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Community, consistency drives Braves’ Carver Arena win streak 

Carver Arena before a Bradley men’s basketball home game. Photo courtesy of Bradley Athletics.

Carver Arena has always been one of the toughest places to play in the Missouri Valley Conference. Its capacity is listed at 11,442, the highest in the conference and just in front of Missouri State’s JQH Arena (11,000).

The Bradley fans show up in droves too. While average attendance for Braves’ home games has decreased over the years following the arrival of ESPN+/ESPN3 broadcasts and after the COVID-19 pandemic, those that are in the seats typically makes playing basketball very hard for Bradley’s opponents.

So hard, in fact, that the Braves now own the third-longest home winning streak among Division I schools in the nation at 17 games.

“I think its great for the program in the sense of our fans,” Bradley head coach Brian Wardle said. “Winning at home is critical to draw fan support and we’ve done that over the years and so if we can play a good brand of basketball, hopefully more fans keep coming out and that’s ultimately what you want to do is win home games.”

Just one week ago, Bradley’s home win streak sat at No. 10 among Division I schools. Then the nine teams in front of them started to crumble.

Dayton, Arkansas and Tennessee were some of the first schools ahead of the Braves to have their streaks broken. Fellow mid-majors Iona, Norfolk State and Jacksonville lost at home this past week too. On Thursday night, No. 6 in the Associated Press poll, Gonzaga, which held the nation’s longest home win streak at 76 games, fell in a major upset to Loyola Marymount.

Now, the Braves only trail Auburn (28 games) and UCLA (19 games) ahead of back-to-back home games against Belmont on Saturday and Illinois State on Wednesday.

“Just the way we move the ball offensively, we share it,” Wardle said on what his team does better at Carver Arena. “We respond a lot quicker at home but we have some adversity coming up though at home and we have some really good teams coming into our building. We’re going to have to lean on that crowd to give us that home court advantage.”

Opposing teams still seeking solution

Carver Arena is the brick, steel, glass and concrete version of the basketball player that you love if he’s on your side, but hate to play against if you’re an opponent. Bradley’s last loss at home came on January 5, 2022 in heartbreaking fashion when then-Missouri State star guard Isiaih Mosley hit a turnaround, buzzer-beater three to down the Braves 71-69. Since then, Bradley’s opponents haven’t been able to solve the puzzle of winning in Peoria.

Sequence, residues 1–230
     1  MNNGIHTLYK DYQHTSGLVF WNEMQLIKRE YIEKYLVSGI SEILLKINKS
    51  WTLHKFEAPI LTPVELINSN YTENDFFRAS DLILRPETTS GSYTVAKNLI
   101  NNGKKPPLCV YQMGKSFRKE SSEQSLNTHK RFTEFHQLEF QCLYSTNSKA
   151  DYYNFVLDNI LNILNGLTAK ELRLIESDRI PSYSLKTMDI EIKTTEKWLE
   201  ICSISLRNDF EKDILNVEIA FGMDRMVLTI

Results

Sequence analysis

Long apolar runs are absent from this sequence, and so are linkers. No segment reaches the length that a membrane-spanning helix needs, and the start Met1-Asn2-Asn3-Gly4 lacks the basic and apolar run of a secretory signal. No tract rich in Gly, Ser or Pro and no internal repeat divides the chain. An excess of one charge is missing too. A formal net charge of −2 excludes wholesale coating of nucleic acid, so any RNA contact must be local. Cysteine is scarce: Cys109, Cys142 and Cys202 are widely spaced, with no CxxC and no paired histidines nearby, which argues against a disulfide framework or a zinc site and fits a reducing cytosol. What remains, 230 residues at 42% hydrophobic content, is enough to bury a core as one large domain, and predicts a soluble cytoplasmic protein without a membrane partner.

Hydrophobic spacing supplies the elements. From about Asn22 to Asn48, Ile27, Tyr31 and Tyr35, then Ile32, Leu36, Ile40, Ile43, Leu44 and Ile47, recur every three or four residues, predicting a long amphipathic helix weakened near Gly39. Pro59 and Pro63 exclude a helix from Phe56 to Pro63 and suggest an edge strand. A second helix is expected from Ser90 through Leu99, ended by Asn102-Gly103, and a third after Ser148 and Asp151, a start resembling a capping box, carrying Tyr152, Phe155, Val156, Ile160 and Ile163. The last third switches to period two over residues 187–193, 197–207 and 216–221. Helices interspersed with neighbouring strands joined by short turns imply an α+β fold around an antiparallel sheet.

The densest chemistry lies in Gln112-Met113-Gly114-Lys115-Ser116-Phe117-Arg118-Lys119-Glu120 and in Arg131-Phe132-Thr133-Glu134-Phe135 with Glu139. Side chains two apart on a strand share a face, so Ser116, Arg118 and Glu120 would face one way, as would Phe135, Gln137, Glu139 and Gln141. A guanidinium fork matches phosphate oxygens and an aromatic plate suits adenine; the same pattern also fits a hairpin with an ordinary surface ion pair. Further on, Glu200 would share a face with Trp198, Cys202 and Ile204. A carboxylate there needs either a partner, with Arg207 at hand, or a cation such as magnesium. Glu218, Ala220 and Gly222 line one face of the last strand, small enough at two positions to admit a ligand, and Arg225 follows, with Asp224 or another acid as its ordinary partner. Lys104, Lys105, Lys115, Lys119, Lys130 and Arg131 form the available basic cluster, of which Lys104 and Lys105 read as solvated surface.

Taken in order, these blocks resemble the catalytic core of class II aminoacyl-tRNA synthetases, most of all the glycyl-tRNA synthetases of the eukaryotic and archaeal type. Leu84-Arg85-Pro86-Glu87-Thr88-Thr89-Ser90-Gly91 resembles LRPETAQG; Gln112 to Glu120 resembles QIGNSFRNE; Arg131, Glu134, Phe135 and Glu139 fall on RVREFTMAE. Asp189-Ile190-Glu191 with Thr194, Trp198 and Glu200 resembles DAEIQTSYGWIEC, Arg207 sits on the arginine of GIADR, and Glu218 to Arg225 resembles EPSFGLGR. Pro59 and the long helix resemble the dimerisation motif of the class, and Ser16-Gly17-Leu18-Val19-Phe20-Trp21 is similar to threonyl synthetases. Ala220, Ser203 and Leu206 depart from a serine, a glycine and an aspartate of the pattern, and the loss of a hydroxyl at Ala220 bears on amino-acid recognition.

Zek Montgomery pushes the ball up the court. Photo by Jenna Zeise

“You have to have your ‘A’ game, your ‘B’ game on the road,” Wardle said. “You can’t have a ‘C” game, an average game. You’ve got to show up and the stars have got to be stars and you’ve got to be playing aggressive for 40 minutes to win on the road.”

This season, Bradley has won its 10 home games by an average margin of 28.1 points and the team has scored over 80 points in half of them.

So what do the Braves think is the biggest factor in that? A common answer among players was the amount of fans that show up and how much energy they bring.

Carver Crazies

Bradley is currently fourth in the MVC in average attendance at 4,097 and Saturday’s 3 p.m. contest has potential to be the highest-attended game of the 2022-23 season at Carver Arena so far.

“One of the reasons is now that COVID is pretty much behind us, people are starting to come back to games,” senior guard Ville Tahvanainen said. “That home advantage is true, but it shouldn’t change that much on the road. If you do the things you do in practice, you should be fine. The crowds coming back definitely do give teams an advantage.”

“It’s a good streak,” sophomore guard Connor Hickman said. “Carver is a great environment and the fans are great too so it’s fun to play there.”

Bradley cheerleaders run onto the court with flags before a game against Illinois State. Photo courtesy of Duane Zehr/Bradley Athletics